> Rued Langgaard - String Quartets [RB]: Classical CD Reviews- Oct 2002 MusicWeb(UK)

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Rued LANGGAARD (1893-1952)
String Quartets

String Quartet No. 2 (1918 rev 1931)
String Quartet No. 6 in one movement on a Swedish folk tune (1918-19)
String Quartet No. 3 (1924)
String Quartet No. 5 (1925 rev 1936-38)
String Quartet No. 4 Summer Days (1918 rev 1931)
Variations Mig hjerteligt nu længes (1914, Introduction, 1931)
The Kontra Quartet
rec 1984, Copenhagen, Denmark, DDD
DACAPO DCCD 9302a/b [2CDs: 51.39+57.28]


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Langgaard wrote eight string quartets during the period 1914-1925 (between the composer's twenty-first and thirty-third years). Four date from 1918. He revised all the quartets except No. 3. All the quartets are here, with two exceptions. No. 1, the materials for which were recycled into Numbers 4 and 5, is omitted; also omitted is an unnumbered quartet from 1918.

This set was originally issued on LP by RCA and promptly disappeared from view as was the fate of several recordings issued on the obsolescent carrier in its last gasp years.

The Second Quartet is in four movements each with a title: Storm Clouds Receding; Train Passing By (unmistakable); Landscape in Twilight and The Walk. Perhaps he would have been better advised to avoid such titles; they tempt facile pictorialism. The quartet is vivid, brimming with life and originality from the sort of vigour you find in Nielsen's Four Temperaments to the expressionism of Zemlinsky. The Sixth Quartet is a tamer affair, not short on rustic sentimentality, rather Haydnesque, a divertissement nostalgic for village dances and an immersion in nostalgia. The 1924 Quartet (No. 3) originally bore the title Inferna. This is much the toughest of the works here and the tempo markings give clues as to the mood: snervatezza (enervating), quasi stracciamento (torn to pieces), rapinoso (raucously). Prokofiev and Bartók are the waymarkers for much of the time especially in the first movement. The crystal-small second movement refers back to the classically poised minuets of Mozart but fuses this mood with the malicious and the macabre.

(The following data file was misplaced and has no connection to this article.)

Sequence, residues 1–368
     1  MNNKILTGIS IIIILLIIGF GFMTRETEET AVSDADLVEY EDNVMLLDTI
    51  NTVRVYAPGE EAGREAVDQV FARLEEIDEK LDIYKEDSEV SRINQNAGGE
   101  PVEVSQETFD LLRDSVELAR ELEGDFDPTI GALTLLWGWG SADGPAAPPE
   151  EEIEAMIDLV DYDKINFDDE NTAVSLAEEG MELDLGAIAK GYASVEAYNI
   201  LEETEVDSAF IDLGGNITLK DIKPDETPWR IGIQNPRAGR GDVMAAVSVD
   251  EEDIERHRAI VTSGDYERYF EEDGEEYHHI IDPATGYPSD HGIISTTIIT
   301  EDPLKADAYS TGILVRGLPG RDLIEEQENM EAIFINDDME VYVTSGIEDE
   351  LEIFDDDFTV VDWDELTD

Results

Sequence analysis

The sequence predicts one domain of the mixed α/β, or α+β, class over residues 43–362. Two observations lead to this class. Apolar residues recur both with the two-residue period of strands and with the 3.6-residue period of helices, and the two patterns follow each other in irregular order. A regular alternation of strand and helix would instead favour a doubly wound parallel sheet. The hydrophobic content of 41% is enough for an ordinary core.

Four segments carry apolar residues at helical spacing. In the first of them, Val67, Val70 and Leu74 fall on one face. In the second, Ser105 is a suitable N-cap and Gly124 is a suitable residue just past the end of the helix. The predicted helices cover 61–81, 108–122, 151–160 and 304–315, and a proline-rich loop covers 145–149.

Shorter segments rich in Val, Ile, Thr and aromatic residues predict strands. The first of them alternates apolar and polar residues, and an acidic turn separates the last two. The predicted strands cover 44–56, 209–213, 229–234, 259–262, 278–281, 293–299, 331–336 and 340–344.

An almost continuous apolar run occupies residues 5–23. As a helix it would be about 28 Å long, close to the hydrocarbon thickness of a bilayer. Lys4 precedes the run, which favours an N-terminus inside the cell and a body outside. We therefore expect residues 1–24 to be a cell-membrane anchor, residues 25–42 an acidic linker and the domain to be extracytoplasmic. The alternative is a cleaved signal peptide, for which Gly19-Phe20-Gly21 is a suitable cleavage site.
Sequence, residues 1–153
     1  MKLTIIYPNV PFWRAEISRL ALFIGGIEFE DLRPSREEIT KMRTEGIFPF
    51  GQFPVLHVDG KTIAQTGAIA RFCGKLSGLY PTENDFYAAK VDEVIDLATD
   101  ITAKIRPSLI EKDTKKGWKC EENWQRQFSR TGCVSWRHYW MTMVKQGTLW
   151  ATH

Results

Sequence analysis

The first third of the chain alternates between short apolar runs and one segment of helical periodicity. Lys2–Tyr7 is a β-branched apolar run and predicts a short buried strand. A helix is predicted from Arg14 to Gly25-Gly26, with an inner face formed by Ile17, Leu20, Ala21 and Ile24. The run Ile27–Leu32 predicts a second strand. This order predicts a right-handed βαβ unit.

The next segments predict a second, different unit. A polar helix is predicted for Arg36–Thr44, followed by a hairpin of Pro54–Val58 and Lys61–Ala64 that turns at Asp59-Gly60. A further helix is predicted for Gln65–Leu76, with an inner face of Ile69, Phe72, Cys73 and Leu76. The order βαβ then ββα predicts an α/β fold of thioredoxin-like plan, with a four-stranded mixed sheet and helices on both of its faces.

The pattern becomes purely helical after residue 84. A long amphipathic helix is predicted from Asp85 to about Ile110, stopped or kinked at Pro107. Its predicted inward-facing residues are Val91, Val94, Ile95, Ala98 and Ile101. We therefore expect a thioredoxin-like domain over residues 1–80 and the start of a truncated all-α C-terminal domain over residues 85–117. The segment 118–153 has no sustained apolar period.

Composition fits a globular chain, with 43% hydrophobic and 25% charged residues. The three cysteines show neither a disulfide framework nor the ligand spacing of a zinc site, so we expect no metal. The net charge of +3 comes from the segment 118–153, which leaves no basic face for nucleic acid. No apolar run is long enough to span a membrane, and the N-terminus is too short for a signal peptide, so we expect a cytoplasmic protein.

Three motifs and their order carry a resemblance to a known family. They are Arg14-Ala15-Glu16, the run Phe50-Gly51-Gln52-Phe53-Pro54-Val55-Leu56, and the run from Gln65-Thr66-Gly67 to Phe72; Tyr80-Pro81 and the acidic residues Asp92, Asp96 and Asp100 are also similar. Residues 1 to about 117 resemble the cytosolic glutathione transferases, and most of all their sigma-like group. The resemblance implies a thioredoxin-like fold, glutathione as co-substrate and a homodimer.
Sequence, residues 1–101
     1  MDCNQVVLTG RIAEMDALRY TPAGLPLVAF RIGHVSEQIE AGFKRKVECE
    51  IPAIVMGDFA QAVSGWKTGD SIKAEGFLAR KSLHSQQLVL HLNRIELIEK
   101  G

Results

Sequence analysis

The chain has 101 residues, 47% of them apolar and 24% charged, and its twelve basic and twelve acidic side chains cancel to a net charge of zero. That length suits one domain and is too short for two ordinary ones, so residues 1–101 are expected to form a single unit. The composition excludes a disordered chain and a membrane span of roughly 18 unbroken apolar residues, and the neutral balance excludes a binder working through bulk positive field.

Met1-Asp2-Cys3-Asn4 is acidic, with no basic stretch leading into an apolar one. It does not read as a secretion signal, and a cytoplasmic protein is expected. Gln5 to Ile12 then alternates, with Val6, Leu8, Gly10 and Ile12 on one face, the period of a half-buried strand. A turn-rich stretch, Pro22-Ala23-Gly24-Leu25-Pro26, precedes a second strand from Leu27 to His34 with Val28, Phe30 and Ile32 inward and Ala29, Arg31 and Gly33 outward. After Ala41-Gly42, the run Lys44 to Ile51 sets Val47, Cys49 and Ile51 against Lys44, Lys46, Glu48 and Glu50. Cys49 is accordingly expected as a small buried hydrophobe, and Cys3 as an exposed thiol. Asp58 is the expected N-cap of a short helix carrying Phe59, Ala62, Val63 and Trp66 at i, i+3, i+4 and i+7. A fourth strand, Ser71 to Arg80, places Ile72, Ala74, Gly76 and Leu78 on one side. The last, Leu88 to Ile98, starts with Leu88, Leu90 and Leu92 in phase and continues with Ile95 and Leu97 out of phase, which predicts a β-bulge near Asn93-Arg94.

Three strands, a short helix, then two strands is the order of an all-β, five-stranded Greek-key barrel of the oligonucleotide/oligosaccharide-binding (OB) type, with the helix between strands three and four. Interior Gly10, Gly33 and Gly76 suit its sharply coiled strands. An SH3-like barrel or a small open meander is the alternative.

The Fifth Quartet is in four movements. Once again the work had titles (Far Away Tunes; Moods of Oblivion) at several stages in its life. These were discarded by the composer. The first title gives a better idea of what to expect. This is Langgaard on a contented sabbatical around the quartets of Mozart and Schubert - basking in the classical sunshine. The poignant and heart-warming Fourth has similar preoccupations leavened by rustic voices already encountered in the Sixth Quartet. The Variations on O Sacred Head! Now wounded lasts about a quarter of an hour with the seven variations written in 1914 and the Introduction being from 1931, a year in which Langgaard was busy revising his string quartets. The whole work is classically shaped and inclined.

Well written and planned notes are included. These are by Knud Ketting and Langgaard world authority, Bendt Viinholt Nielsen. I have plagiarised these for the current review.

The two CDs are presented in a mono-width case.

It is typical of the unselfishness of many of the Scandinavian companies that the rear insert lists Langgaard discs from other companies: Chandos and Danish EMI. Can anyone provide me with a copy of EMI's CD recording (749 6642) of Langgaard's Antikrist and Sixth Symphony performed by the Copenhagen Philharmonic with Ole Schmidt?

This is Langgaard predominantly in the persona of the defiant classicist in which shape you might never guess that these works post-dated the Great War. He shatters the peace in the second and third quartets.

Rob Barnett

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